How To Address Reservations Regarding Agents
Yesterday we shared with you the 5 most common reservations university stakeholders have about student recruitment agents.
All of these reservations are indeed solid. They often stem from extensive previous experience or current knowledge of the university as well as the international education industry. Sometimes, of course, they come as a result of emotions, and not of facts. In any case, we want to discuss each of them in more detail. Hopefully, this will you some points for discussion you can use in real life.
So, let‘s take one more look into each of them in more detail!
The university doesn‘t actually need recruitment agents, because there is the international office in place
Well, this is true. International offices are in charge of international student recruitment, indeed. However, they are also responsible for preparing information materials, gathering data and surveying current students, arranging events, providing consultancy, contributing to strategies, preparing reports and organising open days.
We believe that delegating one item from this extensive list will allow international offices to be more efficient. After all, building a more inclusive environment, launching new initiatives and focussing on current students is what lays the foundation for future growth.
The university is not ready financially to hire an agent
This argument seems to be true as well, right? After all, agents get a commission and sometimes also a certain fixed monthly remuneration. Not to mention the costs that come with the management of this relationship: human resources and working hours. That is why, at first glance, the costs seem to outweigh the benefits. But is it really this way? What exactly are international student recruitment agents bringing on the table?
Sure, investing into agents may seem to be a bit over the top in certain contexts. However, take a moment to think about the keyword here – „investment“. As we’ve discussed before, international students are a huge source of revenue for institutions and local economies. Even if hiring an agent may look like a financial burden at first, it all changes when you see the results. It takes a professional to enjoy a steady source of income, a viable long-term strategy and a diverse campus.
Current recruitment techniques seem to be working pretty well and the university already has its international students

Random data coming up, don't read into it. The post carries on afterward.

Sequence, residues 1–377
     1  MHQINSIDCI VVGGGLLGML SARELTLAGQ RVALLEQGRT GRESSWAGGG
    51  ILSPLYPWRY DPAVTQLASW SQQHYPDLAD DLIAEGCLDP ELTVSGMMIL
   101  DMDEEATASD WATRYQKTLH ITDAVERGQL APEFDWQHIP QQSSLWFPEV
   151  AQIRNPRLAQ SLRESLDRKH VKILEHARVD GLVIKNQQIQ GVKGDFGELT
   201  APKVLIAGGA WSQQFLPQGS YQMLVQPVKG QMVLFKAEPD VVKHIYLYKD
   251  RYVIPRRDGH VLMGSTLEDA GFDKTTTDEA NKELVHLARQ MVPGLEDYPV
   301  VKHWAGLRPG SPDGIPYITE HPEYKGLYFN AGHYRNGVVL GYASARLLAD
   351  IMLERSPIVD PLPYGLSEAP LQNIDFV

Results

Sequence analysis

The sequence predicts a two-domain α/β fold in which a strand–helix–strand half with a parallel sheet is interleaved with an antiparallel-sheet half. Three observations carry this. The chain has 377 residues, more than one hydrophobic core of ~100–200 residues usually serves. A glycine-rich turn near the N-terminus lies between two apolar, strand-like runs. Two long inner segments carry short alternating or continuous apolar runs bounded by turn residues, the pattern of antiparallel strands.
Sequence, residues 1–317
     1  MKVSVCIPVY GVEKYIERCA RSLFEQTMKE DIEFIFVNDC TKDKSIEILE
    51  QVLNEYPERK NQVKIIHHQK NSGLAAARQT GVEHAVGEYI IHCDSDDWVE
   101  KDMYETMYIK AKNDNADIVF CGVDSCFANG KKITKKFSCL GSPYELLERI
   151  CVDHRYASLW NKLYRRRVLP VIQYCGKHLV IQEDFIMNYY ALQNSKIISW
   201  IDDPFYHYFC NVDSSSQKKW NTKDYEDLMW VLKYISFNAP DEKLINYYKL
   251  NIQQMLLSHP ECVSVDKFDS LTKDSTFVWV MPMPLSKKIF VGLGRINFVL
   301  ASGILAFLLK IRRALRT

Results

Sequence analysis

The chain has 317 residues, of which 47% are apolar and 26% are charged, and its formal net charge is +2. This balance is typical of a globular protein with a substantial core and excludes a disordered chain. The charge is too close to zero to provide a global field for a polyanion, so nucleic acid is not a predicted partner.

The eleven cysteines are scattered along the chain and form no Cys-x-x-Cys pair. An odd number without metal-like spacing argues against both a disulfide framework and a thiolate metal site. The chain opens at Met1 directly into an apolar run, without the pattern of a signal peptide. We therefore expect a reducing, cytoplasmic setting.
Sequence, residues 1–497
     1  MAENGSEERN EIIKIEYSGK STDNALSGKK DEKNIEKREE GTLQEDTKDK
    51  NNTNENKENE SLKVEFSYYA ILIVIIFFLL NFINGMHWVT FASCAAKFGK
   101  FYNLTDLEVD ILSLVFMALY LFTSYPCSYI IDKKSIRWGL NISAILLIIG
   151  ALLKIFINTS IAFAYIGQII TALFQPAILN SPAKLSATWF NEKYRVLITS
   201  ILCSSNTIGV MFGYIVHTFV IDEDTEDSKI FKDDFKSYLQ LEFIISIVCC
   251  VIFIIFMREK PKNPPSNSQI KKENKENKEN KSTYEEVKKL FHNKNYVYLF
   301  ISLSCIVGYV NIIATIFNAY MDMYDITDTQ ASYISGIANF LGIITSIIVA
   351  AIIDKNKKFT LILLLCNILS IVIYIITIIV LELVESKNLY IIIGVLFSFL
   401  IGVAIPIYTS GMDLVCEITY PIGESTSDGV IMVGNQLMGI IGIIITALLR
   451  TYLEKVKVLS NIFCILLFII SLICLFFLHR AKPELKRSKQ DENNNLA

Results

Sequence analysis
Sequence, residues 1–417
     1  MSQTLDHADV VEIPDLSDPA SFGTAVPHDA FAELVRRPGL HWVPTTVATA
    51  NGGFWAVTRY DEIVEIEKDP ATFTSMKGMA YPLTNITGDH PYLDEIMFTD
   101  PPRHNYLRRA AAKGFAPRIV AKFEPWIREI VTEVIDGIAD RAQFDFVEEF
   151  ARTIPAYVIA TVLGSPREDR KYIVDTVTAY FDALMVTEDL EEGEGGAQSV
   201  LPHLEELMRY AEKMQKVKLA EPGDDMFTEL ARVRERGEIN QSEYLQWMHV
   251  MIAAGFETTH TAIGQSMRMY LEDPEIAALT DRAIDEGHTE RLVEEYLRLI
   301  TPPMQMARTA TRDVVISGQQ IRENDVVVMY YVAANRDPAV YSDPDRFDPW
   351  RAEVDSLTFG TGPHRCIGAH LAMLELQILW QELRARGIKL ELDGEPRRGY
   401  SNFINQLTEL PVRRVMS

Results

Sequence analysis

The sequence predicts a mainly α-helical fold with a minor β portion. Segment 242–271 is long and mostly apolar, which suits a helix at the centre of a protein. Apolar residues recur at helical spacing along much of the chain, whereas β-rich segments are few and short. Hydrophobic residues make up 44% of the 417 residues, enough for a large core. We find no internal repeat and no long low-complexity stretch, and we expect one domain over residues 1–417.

Definitely, the international office is working hard to attract the right kind of international students. They are strong in their field, capable of learning fast and fit the university profile.
However, agents can put something different on the table. They follow current trends in international student recruitment and work on the diversification of your student body. Moreover, they make sure that students who come to the university will stay, and there will be no surprises or unsteady sources. Markets are constantly changing, and today’s big players may not be so big tomorrow. The more target markets you are able to identify, the better.
Agents have a questionable reputation and can provide poor service
It is true that some international student recruitment agents manage stain the profession’s reputation with certain unprofessional practices. Asking for commission fees both from the university and the student is just one example of such unethical conduct.
Ensuring full transparency in the relationship can help identify unprofessional agents and eliminate the issues they can cause. After all, the university’s goal is to have a diverse student body that is living and studying in an inclusive environment. The goal of the agent is to connect the university with the right students and vice versa. Publicity and transparency are the best weapon against negative practices. Making sure you double check references and recommendations is a big step in the right direction.
Agents are unnecessary because the university sends abroad international office staff to research various emerging markets
This is closely related to the first objection. If the international office is doing this job anyway, why bother and spend much needed resources for external services?
Well, because a professional with 8-15 years of experience is always able to bring more to the table than a person who is doing the task alongside many other tasks. Making surveys, collecting and analyzing data, visiting countries and talking to students and families is a full time job. It requires specific training, experience and even a certain attitude. That is why we believe international student recruitment agents exist in the first place.
What do you think? Do you have experience handling stakeholders’ reservations about use of agents? Let us know in the comments below!